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New Hampshire Scores $4.6 Million From Sports Betting

Courtesy of Draftkings

Sports gambling has netted the state $4.6 million in tax revenues since launching last December.

N.H. Lottery Commission officials say that revenue figure would likely be higher if the pandemic hadn’t forced the cancellation of professional and collegiate sports games, and shortened some seasons.

“We were off to a terrific start in 2020 before COVID-19 hit, resulting in sports more or less shutting down worldwide, but with the sports world coming back this past summer, we have been able to build back up momentum quickly,” said the Commission’s spokesperson.

The state says since becoming legal in late December 2019, 52,000 gamblers have placed more than $200 million in bets. Under a contract with Massachusetts-based DraftKings, the state collects half of all profits, which are designated toward the education trust fund.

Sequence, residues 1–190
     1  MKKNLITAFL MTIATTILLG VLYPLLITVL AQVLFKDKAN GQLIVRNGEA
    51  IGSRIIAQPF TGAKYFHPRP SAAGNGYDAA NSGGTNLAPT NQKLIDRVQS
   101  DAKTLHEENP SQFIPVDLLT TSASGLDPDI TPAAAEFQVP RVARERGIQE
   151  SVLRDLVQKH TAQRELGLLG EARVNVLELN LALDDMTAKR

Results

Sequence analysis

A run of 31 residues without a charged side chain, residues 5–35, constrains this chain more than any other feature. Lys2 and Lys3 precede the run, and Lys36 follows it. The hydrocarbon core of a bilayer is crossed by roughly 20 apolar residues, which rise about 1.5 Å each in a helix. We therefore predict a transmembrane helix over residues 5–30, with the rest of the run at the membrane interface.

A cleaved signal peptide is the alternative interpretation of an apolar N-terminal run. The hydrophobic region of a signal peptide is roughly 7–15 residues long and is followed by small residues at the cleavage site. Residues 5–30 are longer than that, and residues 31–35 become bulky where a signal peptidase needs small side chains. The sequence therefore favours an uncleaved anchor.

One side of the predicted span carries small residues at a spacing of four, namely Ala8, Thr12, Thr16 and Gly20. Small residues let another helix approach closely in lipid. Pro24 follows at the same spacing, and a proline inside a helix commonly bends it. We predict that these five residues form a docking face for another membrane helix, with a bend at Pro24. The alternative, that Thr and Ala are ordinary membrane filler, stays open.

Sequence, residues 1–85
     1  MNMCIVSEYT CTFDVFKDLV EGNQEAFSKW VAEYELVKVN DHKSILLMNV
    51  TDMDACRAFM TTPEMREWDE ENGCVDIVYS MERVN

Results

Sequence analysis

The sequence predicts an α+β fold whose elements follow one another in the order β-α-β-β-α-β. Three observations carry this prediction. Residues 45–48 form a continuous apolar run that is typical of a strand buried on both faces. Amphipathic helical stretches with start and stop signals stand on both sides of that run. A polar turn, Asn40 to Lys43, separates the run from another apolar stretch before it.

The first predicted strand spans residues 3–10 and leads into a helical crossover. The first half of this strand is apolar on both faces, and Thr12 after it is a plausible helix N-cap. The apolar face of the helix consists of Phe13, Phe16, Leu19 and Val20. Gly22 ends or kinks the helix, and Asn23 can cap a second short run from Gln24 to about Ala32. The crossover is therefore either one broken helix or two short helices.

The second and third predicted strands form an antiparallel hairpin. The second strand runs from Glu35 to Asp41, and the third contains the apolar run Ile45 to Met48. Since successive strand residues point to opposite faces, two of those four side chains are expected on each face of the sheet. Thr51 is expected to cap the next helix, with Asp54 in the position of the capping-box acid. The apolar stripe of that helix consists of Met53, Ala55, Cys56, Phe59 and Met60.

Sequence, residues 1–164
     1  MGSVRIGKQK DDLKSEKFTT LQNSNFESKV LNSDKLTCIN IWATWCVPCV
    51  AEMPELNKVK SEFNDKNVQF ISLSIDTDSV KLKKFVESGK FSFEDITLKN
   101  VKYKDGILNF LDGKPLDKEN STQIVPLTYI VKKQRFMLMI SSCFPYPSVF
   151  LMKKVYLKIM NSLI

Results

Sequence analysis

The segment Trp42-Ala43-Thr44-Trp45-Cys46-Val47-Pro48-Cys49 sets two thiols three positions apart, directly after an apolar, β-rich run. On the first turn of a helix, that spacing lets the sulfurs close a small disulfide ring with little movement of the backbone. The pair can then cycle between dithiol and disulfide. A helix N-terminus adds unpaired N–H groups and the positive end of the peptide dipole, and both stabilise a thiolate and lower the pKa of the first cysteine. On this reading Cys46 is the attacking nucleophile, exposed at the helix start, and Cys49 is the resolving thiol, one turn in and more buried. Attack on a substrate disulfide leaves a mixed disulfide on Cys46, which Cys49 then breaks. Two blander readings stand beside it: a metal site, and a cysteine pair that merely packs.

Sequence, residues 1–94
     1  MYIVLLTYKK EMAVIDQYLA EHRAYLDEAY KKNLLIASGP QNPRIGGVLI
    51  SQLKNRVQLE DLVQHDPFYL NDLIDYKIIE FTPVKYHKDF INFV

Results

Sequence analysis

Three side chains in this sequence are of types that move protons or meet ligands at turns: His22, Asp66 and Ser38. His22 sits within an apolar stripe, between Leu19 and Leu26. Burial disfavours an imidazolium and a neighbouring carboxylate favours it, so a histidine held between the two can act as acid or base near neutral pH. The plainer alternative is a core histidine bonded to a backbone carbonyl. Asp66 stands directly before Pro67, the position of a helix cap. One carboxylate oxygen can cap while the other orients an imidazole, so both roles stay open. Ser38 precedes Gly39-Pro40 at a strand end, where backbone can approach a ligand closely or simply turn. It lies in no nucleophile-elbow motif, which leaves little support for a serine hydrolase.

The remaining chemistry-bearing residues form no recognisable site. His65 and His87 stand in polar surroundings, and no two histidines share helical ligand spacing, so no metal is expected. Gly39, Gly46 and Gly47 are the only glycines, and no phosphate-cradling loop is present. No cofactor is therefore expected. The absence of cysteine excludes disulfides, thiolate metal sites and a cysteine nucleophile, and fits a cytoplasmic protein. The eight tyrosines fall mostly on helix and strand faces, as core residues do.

The New Hampshire Lottery Commission says more than $4 million is being wagered on professional and college football each weekend. Earlier this year, the state missed out on a potential windfall when the NCAA cancelled the popular March Madness basketball tournaments. 

While online and mobile wagering makes up the bulk of the action, two in-person sports books--one in Manchester, the other in Seabrook--are also now taking bets. The legislature approved up to 10 in-person sports books statewide. 

The Lottery Commission says that as long as the “sports world remains active and we avoid another shutdown,” sports gambling could generate $10 million in the current fiscal year. 

Under a plan approved by the legislature, anyone over the age of 18 can place a bet as long as they are physically located within the state’s borders. Collegiate games involving New Hampshire teams are prohibited from wagers.

Todd started as a news correspondent with NHPR in 2009. He spent nearly a decade in the non-profit world, working with international development agencies and anti-poverty groups. He holds a master’s degree in public administration from Columbia University.

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